A vacant lot in the heart of downtown may soon become a bustling office and commercial hub for Cornelius.
After nearly two years of planning, Cornelius commissioners approved the purchase of a vacant lot next to town hall by the Stewart Group of Davidson.
The site formerly housed the Cornelius Police Department before the building was demolished in 2009. The new police department is across the street.
"The town's master plan has had a corner building on that site for years," said partner David Stewart. "I like doing new, infill projects like these."
According to the agreement, the Stewart Group put a $5,000 down payment on the land in order to plan the building design and search for tenants over the next 12 months.
If town commissioners approve the plans after a year, the Stewart Group will then purchase the lot from the town for $100,000.
"They're taking a risk in the sense that they're developing it in this economy," said Mayor Jeff Tarte. "But when it's done, it will be a huge anchor and it should really help revitalize the downtown."
According to preliminary plans, the building is expected to be two stories, with 5,000 square feet of commercial space on the first floor and 8,000 to 10,000 square feet of office and civic space on the second floor.
There may even be a rooftop terrace, said Tarte.
"This site has a really small footprint. But we want to make sure we give it the mass it needs so it doesn't look dwarfed by the neighboring buildings," said Stewart.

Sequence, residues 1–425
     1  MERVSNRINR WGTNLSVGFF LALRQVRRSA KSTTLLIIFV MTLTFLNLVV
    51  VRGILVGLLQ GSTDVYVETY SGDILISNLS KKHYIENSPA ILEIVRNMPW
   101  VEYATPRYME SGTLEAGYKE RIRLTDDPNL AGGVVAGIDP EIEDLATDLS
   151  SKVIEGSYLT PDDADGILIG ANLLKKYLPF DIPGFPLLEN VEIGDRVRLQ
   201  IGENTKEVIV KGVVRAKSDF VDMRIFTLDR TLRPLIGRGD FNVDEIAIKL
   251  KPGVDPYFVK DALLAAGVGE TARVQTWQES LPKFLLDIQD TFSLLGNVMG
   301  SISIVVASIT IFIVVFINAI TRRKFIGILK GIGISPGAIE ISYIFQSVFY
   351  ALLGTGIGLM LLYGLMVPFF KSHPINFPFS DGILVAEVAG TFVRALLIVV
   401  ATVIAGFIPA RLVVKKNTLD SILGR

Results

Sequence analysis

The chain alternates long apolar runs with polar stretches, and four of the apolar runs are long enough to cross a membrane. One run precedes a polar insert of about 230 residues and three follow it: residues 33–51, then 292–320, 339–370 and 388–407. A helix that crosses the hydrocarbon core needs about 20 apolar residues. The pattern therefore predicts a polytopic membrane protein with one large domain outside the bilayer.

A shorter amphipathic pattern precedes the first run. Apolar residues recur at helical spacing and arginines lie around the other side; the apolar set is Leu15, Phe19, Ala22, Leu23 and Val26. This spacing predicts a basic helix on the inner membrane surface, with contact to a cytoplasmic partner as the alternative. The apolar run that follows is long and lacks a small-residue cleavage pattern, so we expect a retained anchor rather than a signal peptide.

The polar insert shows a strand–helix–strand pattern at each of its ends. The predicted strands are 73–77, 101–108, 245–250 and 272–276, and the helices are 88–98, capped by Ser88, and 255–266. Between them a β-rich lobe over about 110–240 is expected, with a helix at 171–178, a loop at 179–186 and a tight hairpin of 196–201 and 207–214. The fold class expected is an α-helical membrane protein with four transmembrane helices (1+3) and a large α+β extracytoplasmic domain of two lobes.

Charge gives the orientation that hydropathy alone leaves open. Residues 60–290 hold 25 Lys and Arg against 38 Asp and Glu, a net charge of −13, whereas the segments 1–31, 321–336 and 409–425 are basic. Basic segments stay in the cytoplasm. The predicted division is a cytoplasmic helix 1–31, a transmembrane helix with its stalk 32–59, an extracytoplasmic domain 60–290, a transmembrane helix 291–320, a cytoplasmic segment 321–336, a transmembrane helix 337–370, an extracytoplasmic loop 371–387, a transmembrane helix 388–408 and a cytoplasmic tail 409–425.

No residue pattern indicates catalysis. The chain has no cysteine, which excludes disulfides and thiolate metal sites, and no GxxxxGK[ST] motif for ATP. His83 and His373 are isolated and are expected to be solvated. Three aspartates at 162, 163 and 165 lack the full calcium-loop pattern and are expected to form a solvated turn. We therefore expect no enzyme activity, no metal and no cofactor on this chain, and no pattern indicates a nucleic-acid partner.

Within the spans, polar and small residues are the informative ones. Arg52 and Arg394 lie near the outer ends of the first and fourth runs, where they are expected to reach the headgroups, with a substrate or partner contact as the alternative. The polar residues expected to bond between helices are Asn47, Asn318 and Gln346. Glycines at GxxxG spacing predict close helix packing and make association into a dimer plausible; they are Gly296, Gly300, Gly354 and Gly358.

And because of its location, the Stewart Group worked closely with town staff in discussing possible parking headaches in the future.
Ultimately, the Stewart Group agreed to some underground parking on the site in exchange for some shared parking space at Cornelius Town Hall.
The Stewart Group has previous experience working on odd-shaped lots in the Lake Norman area.
In 2009, Stewart developed Stowe's Corner, a 23,000 square foot mixed-use development in downtown Davidson.
Today, it's a popular destination for residents visiting Flatiron Kitchen & Taphouse and other local businesses on the second floor.
For the Cornelius project, Stewart said he'd like to see a bank or restaurant occupy the bottom floor, noting that the east side of I-77 in the town is "underserved from the bank perspective."
"A restaurant would mean that something was going on after 5 p.m. in downtown," he added.
There are some uses, however, that will not be allowed at the site, according to the group's agreement with the town.
The site will not be allowed to include such businesses as nail salons, nightclubs, drycleaners or convenience stores.
Stewart said he will likely focus more on finding possible tenants for the building than working on the design over the next 12 months.
"The market is really going to drive the development process," he said. "And it's a really tough market right now."